Grenfell refurbishment fire safety report released

Grenfell refurbishment fire safety report released

A FIRE safety report into the tower’s refurbishment in 2013 was based on plans that did not include cladding, with the report writers not called back to complete the work despite this.

Inside Housing reported on the fire safety report produced by Exova Warringtonfire in October 2013 for Grenfell Tower as part of its refurbishment, with the report not released and studied during the inquiry’s first phase. The news outlet reported that the report had been ‘based on early plans which did not include the cladding’, and that it was ‘never followed up despite a recommendation to do so’.

Exova’s report said that the refurbishment plans would have ‘no adverse effect on the building in relation to external fire spread’, but added that this perspective was to have been ‘confirmed by an analysis in a future version of this report’. It had been based on outline plans for a ‘simple conversion’ of the lower floors to residential use, and did not include the addition of external cladding, as well as the ‘other major changes’ such as new windows.

The company was not asked back to complete the work it would need to with the final plans for refurbishment, with Inside Housing adding that the intention to clad the tower dated back to 2012. Exova stated that it had never seen specifications for cladding when writing the report, and ‘it was not clear why Exova was not asked to comment on plans to fully clad the building, nor why it was not commissioned to complete the follow-up analysis it recommended’.

Exova’s spokesperson commented: ‘Exova was not instructed or engaged to produce a further report, nor was it engaged for the later stages of design, material selection, construction or sign-off of the Grenfell Tower refurbishment project. In particular, Exova did not select, test, review or approve the cladding systems that were finally chosen and installed; nor did it ever have the level of information which would have been needed in order to carry out fire engineering work in relation to use of any system as part of the project.’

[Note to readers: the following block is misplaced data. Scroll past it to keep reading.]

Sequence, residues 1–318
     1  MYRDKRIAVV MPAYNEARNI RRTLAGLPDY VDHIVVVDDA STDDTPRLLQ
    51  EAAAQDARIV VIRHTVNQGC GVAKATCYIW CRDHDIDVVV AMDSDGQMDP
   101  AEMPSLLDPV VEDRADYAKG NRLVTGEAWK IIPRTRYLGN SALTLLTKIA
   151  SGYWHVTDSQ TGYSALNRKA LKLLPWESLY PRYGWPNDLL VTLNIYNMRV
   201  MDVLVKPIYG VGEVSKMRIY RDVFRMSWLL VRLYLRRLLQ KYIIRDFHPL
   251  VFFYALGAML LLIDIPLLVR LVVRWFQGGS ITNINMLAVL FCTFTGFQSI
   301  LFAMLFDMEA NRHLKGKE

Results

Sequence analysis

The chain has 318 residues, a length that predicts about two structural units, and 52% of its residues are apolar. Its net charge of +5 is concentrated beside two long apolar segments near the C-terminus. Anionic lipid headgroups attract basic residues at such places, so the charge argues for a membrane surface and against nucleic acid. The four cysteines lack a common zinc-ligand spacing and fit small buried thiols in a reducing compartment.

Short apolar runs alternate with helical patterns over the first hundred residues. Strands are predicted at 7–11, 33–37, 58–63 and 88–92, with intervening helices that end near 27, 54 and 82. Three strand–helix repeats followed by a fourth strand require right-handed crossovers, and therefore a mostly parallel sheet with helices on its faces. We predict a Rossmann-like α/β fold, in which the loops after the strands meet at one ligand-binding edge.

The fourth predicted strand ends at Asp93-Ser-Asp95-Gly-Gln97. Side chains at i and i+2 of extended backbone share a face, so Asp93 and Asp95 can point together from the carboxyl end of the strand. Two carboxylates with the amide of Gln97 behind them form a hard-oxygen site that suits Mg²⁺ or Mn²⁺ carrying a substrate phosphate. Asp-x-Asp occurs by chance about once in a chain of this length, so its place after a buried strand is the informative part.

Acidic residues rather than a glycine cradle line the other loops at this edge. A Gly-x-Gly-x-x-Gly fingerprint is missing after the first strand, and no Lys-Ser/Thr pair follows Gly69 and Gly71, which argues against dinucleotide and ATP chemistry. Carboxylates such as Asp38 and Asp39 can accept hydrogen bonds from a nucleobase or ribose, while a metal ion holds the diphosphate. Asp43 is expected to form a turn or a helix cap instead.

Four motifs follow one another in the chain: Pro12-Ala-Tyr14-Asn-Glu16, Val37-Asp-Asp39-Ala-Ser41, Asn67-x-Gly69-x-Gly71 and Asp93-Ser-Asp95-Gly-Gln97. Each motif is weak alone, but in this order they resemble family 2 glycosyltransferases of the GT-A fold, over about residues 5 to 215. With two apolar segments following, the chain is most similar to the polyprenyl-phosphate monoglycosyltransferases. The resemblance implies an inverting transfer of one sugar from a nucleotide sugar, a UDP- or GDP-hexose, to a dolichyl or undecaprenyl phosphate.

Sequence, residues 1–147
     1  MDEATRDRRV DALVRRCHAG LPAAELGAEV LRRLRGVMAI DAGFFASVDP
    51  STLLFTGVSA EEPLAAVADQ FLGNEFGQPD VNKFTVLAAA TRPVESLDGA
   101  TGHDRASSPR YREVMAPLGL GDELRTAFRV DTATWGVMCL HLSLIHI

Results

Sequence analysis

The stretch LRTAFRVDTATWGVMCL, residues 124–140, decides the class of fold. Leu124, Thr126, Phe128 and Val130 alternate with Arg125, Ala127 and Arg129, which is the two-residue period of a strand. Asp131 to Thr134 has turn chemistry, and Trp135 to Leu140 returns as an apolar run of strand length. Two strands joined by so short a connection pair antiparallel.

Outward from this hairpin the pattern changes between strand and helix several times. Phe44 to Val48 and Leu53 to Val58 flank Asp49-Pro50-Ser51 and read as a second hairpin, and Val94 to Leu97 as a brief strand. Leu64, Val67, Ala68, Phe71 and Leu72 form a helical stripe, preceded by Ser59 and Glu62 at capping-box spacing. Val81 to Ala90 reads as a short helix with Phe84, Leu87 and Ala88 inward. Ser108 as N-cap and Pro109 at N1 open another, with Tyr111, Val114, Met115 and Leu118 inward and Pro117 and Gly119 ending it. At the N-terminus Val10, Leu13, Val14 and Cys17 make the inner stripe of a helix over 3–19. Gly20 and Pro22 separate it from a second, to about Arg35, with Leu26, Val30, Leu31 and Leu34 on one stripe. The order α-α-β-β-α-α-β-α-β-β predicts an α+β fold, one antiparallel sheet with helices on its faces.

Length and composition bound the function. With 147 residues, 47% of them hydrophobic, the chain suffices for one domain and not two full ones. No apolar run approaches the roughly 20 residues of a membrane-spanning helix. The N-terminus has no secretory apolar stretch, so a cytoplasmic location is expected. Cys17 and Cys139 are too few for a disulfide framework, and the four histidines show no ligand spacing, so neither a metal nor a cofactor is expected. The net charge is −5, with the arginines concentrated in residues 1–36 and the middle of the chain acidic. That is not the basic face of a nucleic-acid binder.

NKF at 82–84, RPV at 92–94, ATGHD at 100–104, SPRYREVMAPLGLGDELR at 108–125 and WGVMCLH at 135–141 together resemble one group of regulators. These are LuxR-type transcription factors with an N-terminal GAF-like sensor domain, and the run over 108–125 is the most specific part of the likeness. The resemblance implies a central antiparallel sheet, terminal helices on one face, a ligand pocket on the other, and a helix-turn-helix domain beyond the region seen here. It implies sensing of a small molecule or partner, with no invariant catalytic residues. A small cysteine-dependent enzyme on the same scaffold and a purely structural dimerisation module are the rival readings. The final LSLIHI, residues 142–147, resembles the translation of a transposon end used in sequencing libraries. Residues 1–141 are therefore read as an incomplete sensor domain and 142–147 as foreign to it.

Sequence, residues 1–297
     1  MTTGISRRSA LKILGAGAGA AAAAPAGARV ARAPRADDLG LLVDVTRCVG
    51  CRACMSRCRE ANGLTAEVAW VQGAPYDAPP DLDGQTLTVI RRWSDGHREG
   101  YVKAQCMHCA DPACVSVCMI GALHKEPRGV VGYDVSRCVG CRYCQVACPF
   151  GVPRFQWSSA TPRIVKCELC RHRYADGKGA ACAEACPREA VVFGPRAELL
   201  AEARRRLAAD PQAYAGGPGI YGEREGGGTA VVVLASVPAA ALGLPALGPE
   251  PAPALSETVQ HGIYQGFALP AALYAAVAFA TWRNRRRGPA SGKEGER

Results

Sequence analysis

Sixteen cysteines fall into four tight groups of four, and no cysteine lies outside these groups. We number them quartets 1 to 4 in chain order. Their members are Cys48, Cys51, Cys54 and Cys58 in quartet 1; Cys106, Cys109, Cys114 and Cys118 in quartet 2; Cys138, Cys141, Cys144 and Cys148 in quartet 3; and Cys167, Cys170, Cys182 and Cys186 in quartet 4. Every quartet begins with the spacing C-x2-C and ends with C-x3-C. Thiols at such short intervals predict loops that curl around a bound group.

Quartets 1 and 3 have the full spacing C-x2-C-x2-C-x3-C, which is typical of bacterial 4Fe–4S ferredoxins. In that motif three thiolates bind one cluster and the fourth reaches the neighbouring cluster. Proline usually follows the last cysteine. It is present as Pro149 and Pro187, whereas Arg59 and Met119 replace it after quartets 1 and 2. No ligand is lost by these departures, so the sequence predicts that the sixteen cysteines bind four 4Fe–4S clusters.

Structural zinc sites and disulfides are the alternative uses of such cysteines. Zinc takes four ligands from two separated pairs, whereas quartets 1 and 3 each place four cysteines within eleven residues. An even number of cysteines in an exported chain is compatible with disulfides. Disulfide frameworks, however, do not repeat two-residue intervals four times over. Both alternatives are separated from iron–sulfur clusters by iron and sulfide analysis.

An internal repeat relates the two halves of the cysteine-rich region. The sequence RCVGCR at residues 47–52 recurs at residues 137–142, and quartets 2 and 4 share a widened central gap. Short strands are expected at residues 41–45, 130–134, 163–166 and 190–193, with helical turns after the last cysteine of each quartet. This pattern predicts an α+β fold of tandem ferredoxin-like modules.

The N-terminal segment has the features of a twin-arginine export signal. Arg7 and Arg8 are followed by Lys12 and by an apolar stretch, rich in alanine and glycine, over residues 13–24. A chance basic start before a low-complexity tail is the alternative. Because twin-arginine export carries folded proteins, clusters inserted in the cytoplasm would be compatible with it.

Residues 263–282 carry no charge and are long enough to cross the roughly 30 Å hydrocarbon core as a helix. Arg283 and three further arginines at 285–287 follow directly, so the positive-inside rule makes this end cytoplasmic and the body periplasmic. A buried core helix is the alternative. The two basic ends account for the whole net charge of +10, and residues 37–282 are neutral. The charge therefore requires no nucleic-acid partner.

The document is called an outline fire safety strategy, and these are ‘written as guidance on how to comply with building regulations when early plans are being drawn up’. Grenfell residents were consulted on what type of cladding should be used in 2012, and selected a ‘fire-retardant zinc material’, but this was later discarded ‘in favour of a cheaper and far more flammable aluminium and polyethylene product’ two years later, combined with combustible plastic insulation.

At the inquiry, one page was only publicly released, while it is expected to be discussed ‘in more detail’ in phase two, starting in 2020.